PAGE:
Case Study of a Program Addressing Participants’ Barriers Before Providing Training and Other Work-Related Activities: Rhode Island Works
U.S. Department of Health and Human Services, Administration for Children and Families, Office of Planning, Research, and Evaluation
- RI Works’ main approach to serving people with low incomes is to provide wraparound supports to help them prepare for and engage in work.
- RI Works’ primary services include developing a six-month employment plan with DHS staff and referring participants to one of four vendors for supportive services; providing case management through vendor staff to identify participants’ barriers to employment—such as mental health issues, substance abuse, and the need for housing, transportation, and child care—and providing referrals and resources to help overcome the barriers.
- Promising practices include actively monitoring vendors’ performance and enhancing coordination between them, using excess TANF funds to implement new services and programs, and prioritizing supportive services to improve participants’ chances of success on the job.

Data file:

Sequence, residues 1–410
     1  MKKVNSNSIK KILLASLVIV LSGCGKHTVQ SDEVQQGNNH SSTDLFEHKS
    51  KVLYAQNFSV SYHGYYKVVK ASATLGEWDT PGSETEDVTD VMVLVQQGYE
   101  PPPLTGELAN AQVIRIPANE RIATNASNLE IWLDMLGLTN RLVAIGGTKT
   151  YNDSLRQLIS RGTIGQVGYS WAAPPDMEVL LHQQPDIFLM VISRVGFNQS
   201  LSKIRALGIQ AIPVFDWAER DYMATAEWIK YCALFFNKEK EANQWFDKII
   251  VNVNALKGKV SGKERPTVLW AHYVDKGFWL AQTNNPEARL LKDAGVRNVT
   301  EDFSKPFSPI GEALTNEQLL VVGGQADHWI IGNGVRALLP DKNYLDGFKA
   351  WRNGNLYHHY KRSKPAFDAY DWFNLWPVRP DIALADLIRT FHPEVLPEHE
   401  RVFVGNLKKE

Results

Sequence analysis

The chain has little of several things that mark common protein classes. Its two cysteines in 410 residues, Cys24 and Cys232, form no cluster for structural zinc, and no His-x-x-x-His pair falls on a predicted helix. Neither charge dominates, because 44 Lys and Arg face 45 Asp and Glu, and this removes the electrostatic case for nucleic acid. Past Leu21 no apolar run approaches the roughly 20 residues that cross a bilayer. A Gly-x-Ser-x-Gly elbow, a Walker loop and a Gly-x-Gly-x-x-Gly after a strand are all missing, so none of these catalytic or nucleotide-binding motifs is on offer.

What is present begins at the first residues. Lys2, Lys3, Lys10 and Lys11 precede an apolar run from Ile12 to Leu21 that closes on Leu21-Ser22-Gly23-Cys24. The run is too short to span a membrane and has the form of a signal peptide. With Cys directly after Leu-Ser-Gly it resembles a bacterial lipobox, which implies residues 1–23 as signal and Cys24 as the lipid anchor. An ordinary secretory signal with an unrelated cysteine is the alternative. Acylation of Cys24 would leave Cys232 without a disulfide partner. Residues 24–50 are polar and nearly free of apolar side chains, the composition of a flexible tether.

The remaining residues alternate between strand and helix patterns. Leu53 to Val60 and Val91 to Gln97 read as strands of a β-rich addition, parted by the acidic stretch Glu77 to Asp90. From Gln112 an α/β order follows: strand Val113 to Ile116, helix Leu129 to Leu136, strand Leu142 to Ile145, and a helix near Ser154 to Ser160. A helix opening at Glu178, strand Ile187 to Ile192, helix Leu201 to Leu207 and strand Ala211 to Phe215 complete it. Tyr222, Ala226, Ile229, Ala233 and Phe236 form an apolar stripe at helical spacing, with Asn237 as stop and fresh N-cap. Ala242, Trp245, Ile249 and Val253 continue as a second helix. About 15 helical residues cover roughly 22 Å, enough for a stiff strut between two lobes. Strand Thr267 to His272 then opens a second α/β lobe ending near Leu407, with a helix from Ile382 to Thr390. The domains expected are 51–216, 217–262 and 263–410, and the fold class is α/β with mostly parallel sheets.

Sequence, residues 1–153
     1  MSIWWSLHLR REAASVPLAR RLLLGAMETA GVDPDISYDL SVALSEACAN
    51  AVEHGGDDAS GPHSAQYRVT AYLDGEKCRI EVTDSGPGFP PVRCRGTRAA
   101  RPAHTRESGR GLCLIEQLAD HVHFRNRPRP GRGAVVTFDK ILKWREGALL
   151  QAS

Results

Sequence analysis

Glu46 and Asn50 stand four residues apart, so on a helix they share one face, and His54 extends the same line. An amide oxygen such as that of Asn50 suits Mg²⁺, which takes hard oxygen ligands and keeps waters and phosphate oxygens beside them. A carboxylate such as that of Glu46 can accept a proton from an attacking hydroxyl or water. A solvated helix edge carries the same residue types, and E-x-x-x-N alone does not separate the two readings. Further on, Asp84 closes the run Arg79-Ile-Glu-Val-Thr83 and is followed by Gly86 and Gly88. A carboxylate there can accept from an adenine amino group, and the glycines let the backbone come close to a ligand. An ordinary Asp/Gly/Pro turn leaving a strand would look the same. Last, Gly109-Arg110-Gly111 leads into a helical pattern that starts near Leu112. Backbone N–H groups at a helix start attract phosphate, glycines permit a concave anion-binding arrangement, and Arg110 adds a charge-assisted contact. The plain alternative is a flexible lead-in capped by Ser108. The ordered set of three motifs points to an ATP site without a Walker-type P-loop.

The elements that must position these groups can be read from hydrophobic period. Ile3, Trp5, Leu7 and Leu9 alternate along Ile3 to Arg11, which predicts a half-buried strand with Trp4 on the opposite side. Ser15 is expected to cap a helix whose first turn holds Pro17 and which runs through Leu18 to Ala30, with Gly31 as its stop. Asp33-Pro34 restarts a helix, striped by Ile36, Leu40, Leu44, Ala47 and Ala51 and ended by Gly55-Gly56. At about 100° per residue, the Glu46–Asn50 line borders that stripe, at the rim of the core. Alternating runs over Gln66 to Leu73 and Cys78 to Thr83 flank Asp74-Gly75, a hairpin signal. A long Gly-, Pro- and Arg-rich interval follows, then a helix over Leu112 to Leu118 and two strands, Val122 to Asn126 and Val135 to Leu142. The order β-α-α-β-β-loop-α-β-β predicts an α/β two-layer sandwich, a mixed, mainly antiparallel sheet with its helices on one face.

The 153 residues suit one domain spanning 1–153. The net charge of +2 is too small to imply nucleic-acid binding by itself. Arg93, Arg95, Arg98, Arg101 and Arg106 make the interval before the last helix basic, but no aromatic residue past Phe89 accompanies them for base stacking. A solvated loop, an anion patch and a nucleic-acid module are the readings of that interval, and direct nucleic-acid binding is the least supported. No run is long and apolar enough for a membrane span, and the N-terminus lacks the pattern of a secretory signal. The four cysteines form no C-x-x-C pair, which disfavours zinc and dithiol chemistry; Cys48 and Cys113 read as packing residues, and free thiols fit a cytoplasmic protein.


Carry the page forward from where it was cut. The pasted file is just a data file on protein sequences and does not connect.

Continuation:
This case study describes Rhode Island Works (RI Works), the state’s Temporary Assistance for Needy Families (TANF) program, which is administered by the Rhode Island Department of Human Services (DHS). The program was redesigned in 2018: now, before directing participants to look for jobs, RI Works connects them with supports to help them overcome barriers that keep them from succeeding in the workforce. RI Works participants can receive supportive services from one of four vendors and then, when they are ready to focus on employment, they can engage in vocational training and work readiness activities. This case study highlights how RI Works provides supportive services to help participants overcome their barriers, participate in employment-related activities, and find sustainable employment.
This case study is part of the State TANF Case Studies project, which is designed to expand the knowledge base on innovative approaches to help people with low incomes, including TANF recipients, prepare for and engage in work and increase their overall stability. Mathematica and its subcontractor, MEF Associates, were contracted by the Administration for Children and Families (ACF) to develop descriptive case studies of nine innovative state and local programs. The programs were chosen through a scan of the field and discussions with stakeholders. TANF practitioners and staff of other programs can learn about innovative practices through the case studies. The studies also can expand policymakers’ and researchers’ understanding of programs that support people’s success in work and highlight innovative practices to explore in future research.